"He doesn't want to miss a game," Francona said. "He doesn't want to miss anything. He just needs to feel better. We'd be doing him and our ballclub a disservice for him to go out there and try to pitch when he's not supposed to -- and then he'll miss more time. When he's ready, he'll be ready."
That might not be anytime soon, though -- perhaps not even soon enough for the team's season-opening series in Japan. And that's just fine, too.
"That's not the end-all, be-all," Francona said of Opening Day. "There's a long season to get prepared for, and that's what I told him last night. I said, 'Just get better.' Then there won't be a timetable."
Beckett, originally scheduled to pitch on Saturday afternoon before foregoing his start with lower back spasms, told Sox officials that he felt markedly better after waking up on Sunday morning. He passed a series of medical tests, and though he's still not normal -- some spasms remain -- he may be able to resume baseball activities soon.
"We're calling it day-to-day," Francona said. "He's not going to go run a marathon tomorrow. But he showed up feeling better today, which is good."
Beckett hadn't felt any discomfort while preparing in the bullpen for his scheduled start against the Marlins on Saturday, yet the pain caused him to discontinue his warmup pitches leading into the first inning. After a brief conference with Francona and a host of coaches and teammates, Beckett departed without throwing a pitch in the game.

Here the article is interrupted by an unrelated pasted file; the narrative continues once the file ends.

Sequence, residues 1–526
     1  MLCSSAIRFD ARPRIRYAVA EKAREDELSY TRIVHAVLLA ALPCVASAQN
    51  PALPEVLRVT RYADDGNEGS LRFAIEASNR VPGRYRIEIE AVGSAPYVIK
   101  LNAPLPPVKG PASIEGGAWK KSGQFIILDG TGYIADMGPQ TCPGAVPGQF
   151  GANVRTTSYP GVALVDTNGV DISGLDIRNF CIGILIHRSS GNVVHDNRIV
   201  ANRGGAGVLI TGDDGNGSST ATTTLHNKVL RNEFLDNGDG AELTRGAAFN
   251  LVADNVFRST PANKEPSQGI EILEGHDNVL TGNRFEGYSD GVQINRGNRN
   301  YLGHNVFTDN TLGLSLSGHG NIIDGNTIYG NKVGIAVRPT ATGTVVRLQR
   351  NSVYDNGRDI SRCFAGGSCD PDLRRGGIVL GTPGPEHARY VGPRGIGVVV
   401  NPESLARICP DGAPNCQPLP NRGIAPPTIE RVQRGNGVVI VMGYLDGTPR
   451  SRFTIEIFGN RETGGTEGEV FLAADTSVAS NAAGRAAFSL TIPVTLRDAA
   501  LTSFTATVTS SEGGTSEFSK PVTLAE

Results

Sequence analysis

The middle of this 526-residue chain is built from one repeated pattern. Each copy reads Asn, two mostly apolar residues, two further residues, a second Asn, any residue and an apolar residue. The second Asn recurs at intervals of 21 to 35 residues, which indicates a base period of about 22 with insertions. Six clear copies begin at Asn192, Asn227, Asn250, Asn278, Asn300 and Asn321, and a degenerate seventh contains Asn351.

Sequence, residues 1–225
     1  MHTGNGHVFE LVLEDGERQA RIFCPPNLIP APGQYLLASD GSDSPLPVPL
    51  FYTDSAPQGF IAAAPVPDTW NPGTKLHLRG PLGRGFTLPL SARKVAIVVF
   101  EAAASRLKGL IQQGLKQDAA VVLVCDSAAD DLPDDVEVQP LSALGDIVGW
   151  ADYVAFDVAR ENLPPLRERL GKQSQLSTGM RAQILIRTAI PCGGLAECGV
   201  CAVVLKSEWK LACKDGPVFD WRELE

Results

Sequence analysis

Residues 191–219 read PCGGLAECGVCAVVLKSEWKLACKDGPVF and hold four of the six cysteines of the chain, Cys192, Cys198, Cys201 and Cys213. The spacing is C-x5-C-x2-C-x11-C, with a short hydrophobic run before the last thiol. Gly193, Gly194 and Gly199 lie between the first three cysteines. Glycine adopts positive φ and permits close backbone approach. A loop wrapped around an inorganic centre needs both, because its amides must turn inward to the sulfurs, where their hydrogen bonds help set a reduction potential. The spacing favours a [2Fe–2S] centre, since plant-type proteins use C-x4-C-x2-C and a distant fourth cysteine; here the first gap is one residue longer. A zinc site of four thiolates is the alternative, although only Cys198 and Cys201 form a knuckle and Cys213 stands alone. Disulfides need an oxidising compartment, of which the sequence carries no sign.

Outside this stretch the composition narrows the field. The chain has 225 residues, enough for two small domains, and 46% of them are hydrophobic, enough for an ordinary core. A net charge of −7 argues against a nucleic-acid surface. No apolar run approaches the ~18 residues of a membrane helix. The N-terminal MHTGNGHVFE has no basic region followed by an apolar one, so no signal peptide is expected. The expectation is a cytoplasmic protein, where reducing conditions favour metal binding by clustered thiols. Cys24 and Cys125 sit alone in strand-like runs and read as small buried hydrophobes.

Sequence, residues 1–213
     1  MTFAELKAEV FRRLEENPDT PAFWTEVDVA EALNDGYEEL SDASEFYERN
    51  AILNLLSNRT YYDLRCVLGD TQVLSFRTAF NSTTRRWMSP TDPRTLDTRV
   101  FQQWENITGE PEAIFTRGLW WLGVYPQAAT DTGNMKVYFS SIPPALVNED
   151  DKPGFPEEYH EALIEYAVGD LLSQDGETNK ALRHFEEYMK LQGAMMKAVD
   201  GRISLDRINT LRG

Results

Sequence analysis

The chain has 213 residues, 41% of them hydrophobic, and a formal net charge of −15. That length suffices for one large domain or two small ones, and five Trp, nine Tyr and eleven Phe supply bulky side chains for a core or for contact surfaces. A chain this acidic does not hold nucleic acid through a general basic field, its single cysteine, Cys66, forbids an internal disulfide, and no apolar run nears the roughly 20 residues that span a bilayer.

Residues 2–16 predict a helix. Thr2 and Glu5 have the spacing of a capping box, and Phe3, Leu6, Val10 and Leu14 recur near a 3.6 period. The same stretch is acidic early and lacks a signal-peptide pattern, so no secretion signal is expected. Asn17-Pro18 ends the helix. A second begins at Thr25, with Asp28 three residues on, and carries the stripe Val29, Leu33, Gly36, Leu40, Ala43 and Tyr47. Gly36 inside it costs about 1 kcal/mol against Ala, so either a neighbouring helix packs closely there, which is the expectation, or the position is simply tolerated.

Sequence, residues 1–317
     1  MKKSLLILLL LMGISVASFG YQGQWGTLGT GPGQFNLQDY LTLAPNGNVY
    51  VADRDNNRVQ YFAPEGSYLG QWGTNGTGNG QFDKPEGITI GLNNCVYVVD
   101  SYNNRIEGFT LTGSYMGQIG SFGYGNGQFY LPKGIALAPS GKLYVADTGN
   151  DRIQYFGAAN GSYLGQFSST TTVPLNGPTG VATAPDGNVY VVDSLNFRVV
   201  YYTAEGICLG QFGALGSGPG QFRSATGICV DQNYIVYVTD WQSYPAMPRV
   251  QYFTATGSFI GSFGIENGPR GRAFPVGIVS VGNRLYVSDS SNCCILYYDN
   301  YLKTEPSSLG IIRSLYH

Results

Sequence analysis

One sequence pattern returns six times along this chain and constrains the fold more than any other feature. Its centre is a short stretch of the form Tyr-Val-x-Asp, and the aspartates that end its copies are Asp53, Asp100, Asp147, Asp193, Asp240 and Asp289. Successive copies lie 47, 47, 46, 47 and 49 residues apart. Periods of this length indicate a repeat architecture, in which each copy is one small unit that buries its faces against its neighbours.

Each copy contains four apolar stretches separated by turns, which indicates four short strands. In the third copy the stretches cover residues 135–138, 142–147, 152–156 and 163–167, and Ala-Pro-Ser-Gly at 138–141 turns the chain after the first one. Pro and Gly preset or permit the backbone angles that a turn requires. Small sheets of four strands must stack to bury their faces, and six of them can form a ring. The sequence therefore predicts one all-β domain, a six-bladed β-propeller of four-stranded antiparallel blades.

He reported back soreness throughout much of the previous week, though the Sox hadn't considered the issue to be anything out of the ordinary.
Now, they know it is, and until Beckett can pitch without pain, the Sox won't push him. Not at this juncture of spring, not even despite knowing that Beckett has yet to make a Grapefruit League start. There's simply no need for the Sox to hurry.
Though Francona labeled his ace's quick recovery as a "best-case scenario" -- "I think even [Beckett] was surprised," the skipper said -- he said he plans to remain rightfully cautious with the pitcher who led the league last year with 20 wins.
"We get so shook up on guys making their starts because they're such good players, that you make mistakes," Francona said. "We really don't want to do that."
Anthony DiComo is a reporter for MLB.com. This story was not subject to the approval of Major League Baseball or its clubs.